Thesis

Alternative Subterfuge: Pranking Rhetoric In Shopdropping And Identity Correction

ABSTRACT
 ALTERNATIVE SUBTERFUGE: PRANKING RHETORIC IN
 SHOPDROPPING AND IDENTITY CORRECTION
 by
 Hilary Beth Tellesen
 Master of Arts in English
 California State University, Chico
 Spring 2009
 Currently corporate rhetoric monopolizes all means of cultural production. A
 new form of social activism has risen to disrupt the corporate control of culture to
 humorous levels of intervention. Art activists have become pranksters in order to
 critique power and disseminate messages of resistance to diverse publics. In this study I
 examine the projects of the Yes Men, who work to correct the identity of corporate
 power-holders. The Yes Men create characters personifying free-trade ideologies and
 present fictitious speeches with candid accounts of free-trade practices. Additionally I
 examine the work of Packard Jennings who leaves products containing social and
 political messages on the corporate store shelf. Jennings is a shopdropper: the opposite
 of a shoplifter. The work of Jennings and the Yes Men articulates the need for social
 movements to engage in creative tactics against the hegemony. This study asserts that
 viii
 pranking challenges traditional conceptions of rhetorical analysis that gauge success by
 access to authority or revolutionary manifestation of the public. Pranking rhetoric’s
 tactics utilize discombobulating tactics to emphasize confounding inadequacies in our
 ideological framework and create qualitative change in social discourse. Through
 analysis of the artist’s purpose and impact the rhetorical implications of the prank speak
 directly to the democratic principles that have become latent in a progressive,
 consumerist culture.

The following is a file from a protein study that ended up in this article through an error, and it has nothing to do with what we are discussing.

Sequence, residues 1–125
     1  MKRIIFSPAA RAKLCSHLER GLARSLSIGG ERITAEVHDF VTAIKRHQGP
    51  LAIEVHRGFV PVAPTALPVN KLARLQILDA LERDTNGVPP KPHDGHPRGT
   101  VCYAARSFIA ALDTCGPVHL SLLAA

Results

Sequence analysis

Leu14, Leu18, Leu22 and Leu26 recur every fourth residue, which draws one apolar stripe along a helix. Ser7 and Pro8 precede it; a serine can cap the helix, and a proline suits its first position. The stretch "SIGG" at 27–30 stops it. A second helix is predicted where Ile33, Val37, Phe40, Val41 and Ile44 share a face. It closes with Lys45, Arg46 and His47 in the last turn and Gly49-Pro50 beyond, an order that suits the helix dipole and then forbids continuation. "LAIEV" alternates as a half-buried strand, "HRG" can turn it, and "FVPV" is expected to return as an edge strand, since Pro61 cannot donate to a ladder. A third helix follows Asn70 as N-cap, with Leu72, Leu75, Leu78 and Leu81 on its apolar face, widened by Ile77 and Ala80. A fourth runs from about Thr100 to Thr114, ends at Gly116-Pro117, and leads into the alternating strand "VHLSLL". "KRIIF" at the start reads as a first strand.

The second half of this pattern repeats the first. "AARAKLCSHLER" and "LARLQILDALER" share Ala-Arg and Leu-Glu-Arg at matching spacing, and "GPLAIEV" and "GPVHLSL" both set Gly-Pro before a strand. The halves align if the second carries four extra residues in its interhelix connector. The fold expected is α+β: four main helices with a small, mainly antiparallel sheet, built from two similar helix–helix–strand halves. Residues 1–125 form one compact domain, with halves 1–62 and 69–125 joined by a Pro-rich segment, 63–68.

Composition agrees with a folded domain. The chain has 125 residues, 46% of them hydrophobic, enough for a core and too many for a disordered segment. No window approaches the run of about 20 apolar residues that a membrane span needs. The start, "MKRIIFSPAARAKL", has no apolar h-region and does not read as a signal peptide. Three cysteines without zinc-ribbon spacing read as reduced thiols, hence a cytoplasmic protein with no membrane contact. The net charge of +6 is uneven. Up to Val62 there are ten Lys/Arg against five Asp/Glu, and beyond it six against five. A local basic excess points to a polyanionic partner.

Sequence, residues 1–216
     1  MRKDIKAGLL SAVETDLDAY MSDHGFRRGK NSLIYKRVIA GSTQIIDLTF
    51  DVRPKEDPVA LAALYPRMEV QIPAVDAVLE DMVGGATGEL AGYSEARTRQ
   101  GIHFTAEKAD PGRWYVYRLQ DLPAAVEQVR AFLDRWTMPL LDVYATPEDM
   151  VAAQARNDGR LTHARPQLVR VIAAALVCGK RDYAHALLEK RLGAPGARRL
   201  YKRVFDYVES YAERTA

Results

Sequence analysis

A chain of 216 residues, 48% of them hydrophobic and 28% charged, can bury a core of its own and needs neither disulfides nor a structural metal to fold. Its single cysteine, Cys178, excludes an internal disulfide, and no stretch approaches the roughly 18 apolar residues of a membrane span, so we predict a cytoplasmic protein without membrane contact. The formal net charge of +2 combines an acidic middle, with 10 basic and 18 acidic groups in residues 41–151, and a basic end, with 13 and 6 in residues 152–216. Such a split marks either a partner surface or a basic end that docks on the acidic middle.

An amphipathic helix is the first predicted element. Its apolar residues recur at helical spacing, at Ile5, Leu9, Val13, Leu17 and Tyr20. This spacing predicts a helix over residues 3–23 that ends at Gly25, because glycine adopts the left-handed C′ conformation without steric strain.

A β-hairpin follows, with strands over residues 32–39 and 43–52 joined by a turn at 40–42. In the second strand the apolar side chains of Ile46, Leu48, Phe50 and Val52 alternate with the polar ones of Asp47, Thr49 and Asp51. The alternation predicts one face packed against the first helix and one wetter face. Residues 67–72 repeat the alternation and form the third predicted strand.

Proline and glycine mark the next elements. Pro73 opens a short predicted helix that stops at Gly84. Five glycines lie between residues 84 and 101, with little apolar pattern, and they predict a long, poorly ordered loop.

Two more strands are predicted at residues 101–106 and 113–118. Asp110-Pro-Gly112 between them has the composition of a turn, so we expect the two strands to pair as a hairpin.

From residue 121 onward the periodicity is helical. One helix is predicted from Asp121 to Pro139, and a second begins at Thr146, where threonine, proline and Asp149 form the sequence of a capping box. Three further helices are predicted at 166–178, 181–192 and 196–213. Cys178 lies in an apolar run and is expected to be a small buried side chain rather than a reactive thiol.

ABSTRACT ALTERNATIVE SUBTERFUGE: PRANKING RHETORIC IN SHOPDROPPING AND IDENTITY CORRECTION by Hilary Beth Tellesen Master of Arts in English California State University, Chico Spring 2009 Currently corporate rhetoric monopolizes all means of cultural production. A new form of social activism has risen to disrupt the corporate control of culture to humorous levels of intervention. Art activists have become pranksters in order to critique power and disseminate messages of resistance to diverse publics. In this study I examine the projects of the Yes Men, who work to correct the identity of corporate power-holders. The Yes Men create characters personifying free-trade ideologies and present fictitious speeches with candid accounts of free-trade practices. Additionally I examine the work of Packard Jennings who leaves products containing social and political messages on the corporate store shelf. Jennings is a shopdropper: the opposite of a shoplifter. The work of Jennings and the Yes Men articulates the need for social movements to engage in creative tactics against the hegemony. This study asserts that viii pranking challenges traditional conceptions of rhetorical analysis that gauge success by access to authority or revolutionary manifestation of the public. Pranking rhetoric’s tactics utilize discombobulating tactics to emphasize confounding inadequacies in our ideological framework and create qualitative change in social discourse. Through analysis of the artist’s purpose and impact the rhetorical implications of the prank speak directly to the democratic principles that have become latent in a progressive, consumerist culture.

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